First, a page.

|Location||Australia, New South Wales (and ACT)|
|Central coordinates||151o 31.20' East 33o 16.14' South|
|IBA criteria||A1, A4i|
|Altitude||0 - 10m|
|Year of IBA assessment||2008|
Summary This coastal shallow lake system has extensive sea-grass beds which attract large numbers of waterbirds, including more than 1% of the world population of Sharp-tailed Sandpipers and Chestnut Teal. The adjacent forests support the endangered Swift Parrot and Regent Honeyeater in the non-breeding season.
Site description Tuggerah Lakes is a coastal lagoon system comprising of three main lakes, Tuggerah, Budgewoi and Munmorah, and some smaller adjacent wetlands including Colongra Lake and Swamp. The IBA includes adjacent floodplain forests, which are suitable for Swift Parrots and Regent Honeyeaters, and extensive sea-grass beds within the lakes. Forest types around the lakes includes Coastal Sand Mahogany, Alluvial Robusta-Paperbark Sedge Swamp Forest, Coastal Sand Littoral Rainforest, Paperbark Swamp Forests, Alluvial Riparian Blackbutt Forest, Melaleuca swamps, Spotted Gum/Ironbark, Scribbly Gum and Bloodwood/Black Oak woodlands.
|Species||Season||Period||Population estimate||Quality of estimate||IBA Criteria||IUCN Category|
|Chestnut Teal Anas castanea||resident||1991-2005||176-2,573 individuals||good||A4i||Least Concern|
|Sharp-tailed Sandpiper Calidris acuminata||non-breeding||1989-2005||52-4,708 individuals||good||A4i||Least Concern|
|Swift Parrot Lathamus discolor||non-breeding||2002-2005||40-650 individuals||good||A1||Endangered|
|Regent Honeyeater Xanthomyza phrygia||non-breeding||2002-2005||3-72 individuals||good||A1||Critically Endangered|
|Protected area||Designation||Area (ha)||Relationship with IBA||Overlap with IBA (ha)|
|Munmorah||State Conservation Area||1,519||protected area contained by site||1,519|
|Wyrrabalong||National Park||586||protected area overlaps with site||445|
|IUCN habitat||Habitat detail||Extent (% of site)|
|Artificial - terrestrial||Improved grassland & pasture||minor|
|Coastline||Intertidal mud, sand & salt flats; Lagoons; Salt marshes; Sea cliffs, rocky shores & rocky islets||major|
|Forest||Casuarina forests & woodlands; Eucalypt open forests; Eucalypt woodlands; Melaleuca forests & woodlands||minor|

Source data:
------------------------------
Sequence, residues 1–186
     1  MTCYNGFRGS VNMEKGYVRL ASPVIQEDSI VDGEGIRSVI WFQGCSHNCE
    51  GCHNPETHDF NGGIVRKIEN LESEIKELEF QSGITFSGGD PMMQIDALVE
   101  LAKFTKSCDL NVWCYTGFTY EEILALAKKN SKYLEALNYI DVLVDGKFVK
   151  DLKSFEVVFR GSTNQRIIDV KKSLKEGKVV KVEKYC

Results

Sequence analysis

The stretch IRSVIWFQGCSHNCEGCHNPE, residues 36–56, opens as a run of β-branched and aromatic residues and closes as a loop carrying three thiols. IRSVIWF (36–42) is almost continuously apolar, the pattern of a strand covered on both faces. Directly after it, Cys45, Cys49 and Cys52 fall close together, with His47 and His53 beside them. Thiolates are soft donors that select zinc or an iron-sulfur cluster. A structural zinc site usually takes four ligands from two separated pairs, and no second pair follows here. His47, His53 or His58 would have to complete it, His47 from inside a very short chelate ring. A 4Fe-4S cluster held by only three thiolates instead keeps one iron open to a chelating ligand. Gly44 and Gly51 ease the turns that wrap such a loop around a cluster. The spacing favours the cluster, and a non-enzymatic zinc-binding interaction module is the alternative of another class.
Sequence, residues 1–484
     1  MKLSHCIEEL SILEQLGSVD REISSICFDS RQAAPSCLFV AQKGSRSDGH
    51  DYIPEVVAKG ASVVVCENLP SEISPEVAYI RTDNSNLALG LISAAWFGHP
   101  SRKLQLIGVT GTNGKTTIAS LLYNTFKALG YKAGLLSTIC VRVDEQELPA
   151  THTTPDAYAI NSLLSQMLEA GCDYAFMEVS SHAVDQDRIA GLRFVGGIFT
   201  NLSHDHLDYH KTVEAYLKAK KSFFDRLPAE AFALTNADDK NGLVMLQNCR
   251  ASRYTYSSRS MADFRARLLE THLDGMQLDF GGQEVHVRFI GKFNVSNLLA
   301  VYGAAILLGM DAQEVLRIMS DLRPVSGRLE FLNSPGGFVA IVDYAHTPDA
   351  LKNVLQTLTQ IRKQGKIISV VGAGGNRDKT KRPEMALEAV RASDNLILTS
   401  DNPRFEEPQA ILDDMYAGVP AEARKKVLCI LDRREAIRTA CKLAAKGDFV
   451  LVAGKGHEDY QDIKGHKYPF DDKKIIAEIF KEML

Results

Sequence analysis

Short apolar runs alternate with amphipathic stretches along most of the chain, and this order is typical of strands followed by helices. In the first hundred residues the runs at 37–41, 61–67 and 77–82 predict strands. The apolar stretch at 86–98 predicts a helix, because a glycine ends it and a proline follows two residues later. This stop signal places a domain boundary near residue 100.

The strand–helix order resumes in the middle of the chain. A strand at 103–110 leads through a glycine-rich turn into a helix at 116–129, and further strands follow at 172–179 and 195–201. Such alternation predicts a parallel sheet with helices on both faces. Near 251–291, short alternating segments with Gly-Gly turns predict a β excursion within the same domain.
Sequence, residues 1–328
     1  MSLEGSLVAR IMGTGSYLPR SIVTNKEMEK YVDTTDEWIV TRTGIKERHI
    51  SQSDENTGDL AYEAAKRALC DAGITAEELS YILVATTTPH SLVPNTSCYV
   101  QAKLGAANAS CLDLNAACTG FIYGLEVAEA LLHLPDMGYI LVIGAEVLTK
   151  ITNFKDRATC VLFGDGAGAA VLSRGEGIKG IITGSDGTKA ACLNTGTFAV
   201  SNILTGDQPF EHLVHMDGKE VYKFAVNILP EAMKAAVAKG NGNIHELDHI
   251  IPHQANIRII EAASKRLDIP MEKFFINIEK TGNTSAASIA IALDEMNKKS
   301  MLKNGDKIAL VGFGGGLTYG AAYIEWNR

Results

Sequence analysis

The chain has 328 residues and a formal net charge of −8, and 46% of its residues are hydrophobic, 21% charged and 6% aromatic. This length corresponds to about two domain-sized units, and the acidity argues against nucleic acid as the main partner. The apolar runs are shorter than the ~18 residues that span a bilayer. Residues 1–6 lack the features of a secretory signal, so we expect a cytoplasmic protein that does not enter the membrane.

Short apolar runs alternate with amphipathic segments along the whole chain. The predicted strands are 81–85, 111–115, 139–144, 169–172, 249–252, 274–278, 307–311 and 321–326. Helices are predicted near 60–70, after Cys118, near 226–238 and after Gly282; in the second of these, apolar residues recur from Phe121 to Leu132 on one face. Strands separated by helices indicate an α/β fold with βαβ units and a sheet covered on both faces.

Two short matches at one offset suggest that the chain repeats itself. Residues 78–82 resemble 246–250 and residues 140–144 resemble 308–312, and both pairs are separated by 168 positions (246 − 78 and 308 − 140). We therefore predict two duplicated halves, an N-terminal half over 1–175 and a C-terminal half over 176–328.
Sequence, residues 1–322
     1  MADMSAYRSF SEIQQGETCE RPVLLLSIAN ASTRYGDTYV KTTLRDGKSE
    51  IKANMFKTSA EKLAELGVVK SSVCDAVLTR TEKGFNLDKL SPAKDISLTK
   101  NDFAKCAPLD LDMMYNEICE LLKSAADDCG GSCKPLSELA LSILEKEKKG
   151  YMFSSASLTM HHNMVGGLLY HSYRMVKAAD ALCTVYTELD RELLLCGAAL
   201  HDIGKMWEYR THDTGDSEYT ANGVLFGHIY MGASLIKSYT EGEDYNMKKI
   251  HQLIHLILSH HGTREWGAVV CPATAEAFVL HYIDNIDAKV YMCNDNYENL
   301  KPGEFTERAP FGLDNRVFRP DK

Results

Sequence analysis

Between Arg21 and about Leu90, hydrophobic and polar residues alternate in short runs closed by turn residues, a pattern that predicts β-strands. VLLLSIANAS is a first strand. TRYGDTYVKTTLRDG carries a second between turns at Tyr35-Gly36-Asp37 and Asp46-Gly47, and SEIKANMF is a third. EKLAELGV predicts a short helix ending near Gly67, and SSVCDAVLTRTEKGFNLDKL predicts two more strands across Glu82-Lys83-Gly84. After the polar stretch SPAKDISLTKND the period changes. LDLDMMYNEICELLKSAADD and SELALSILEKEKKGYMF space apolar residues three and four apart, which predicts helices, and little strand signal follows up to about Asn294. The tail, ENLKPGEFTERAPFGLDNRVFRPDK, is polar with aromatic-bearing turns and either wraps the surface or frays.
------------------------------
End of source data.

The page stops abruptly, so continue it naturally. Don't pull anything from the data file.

|Wetlands (inland)||Freshwater lakes & pools||minor|
Land ownership Wyong Shire Council Open Space and Foreshore Reserve, National Park Service, Tuggerah Reserve Trust, Delta Electricity and freehold residential properties.
|Land-use||Extent (% of site)|
|nature conservation and research||major|
Other biodiversity Most of the forests along the streams and foreshores are categorised as Endangered Ecological Communities under the NSW Threatened Species Conservation Act 1995. Melaleuca biconvexa, a threatened species, is relatively common.
Protection status The IBA contains the Munmorah State Conservation Area and overlaps the Wyrrabalong National Park.
Acknowledgements The nomination was prepared by Alan Morris. Bird data supplied by Birding NSW Central Coast group. Protected Area data supplied by Glenn Gifford of NSW Parks. Wyong Council commissioned a report which includes bird conservation (Roberts & Dickinson 2005).
References Morris, A. (ed.) (1995-2004) Central Coast Annual Bird Reports. Central Coast of Birding NSW.
Morris, A. (2006) The conservation status of threatened bird species in Wyong Shire. Unpublished report.
Keating, J. and Jarman, M.R. (2004) Little Terns in New South Wales. A six year review; breeding seasons 1998/9 to 2003/4. Dept Environment and Conservation, NSW.
Roberts, D.E. and Dickinson, T.G. (2005) Tuggerah Lakes Estuary Management Study for Wyong Council & Dept. Infrastructure, Planning & Natural Resources. BIO-Analysis: Marine, Estuarine and Freshwater Ecology, Narara.
Contribute Please click here to help BirdLife conserve the world's birds - your data for this IBA and others are vital for helping protect the environment.
Recommended citation BirdLife International (2014) Important Bird Areas factsheet: Tuggerah. Downloaded from http://www.birdlife.org on 21/10/2014
To provide new information to update this factsheet or to correct any errors, please email BirdLife